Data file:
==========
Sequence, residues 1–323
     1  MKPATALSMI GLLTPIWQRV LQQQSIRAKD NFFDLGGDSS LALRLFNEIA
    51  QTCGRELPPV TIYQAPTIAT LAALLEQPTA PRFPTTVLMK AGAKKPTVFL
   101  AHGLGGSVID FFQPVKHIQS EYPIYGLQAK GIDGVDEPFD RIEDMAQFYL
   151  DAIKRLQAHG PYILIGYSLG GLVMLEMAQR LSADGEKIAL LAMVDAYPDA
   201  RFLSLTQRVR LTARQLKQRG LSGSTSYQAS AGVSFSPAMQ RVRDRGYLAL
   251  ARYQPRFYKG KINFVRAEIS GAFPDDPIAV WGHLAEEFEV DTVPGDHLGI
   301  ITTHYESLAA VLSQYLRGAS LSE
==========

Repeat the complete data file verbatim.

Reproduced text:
Sequence, residues 1–323
     1  MKPATALSMI GLLTPIWQRV LQQQSIRAKD NFFDLGGDSS LALRLFNEIA
    51  QTCGRELPPV TIYQAPTIAT LAALLEQPTA PRFPTTVLMK AGAKKPTVFL
   101  AHGLGGSVID FFQPVKHIQS EYPIYGLQAK GIDGVDEPFD RIEDMAQFYL
   151  DAIKRLQAHG PYILIGYSLG GLVMLEMAQR LSADGEKIAL LAMVDAYPDA
   201  RFLSLTQRVR LTARQLKQRG LSGSTSYQAS AGVSFSPAMQ RVRDRGYLAL
   251  ARYQPRFYKG KINFVRAEIS GAFPDDPIAV WGHLAEEFEV DTVPGDHLGI
   301  ITTHYESLAA VLSQYLRGAS LSE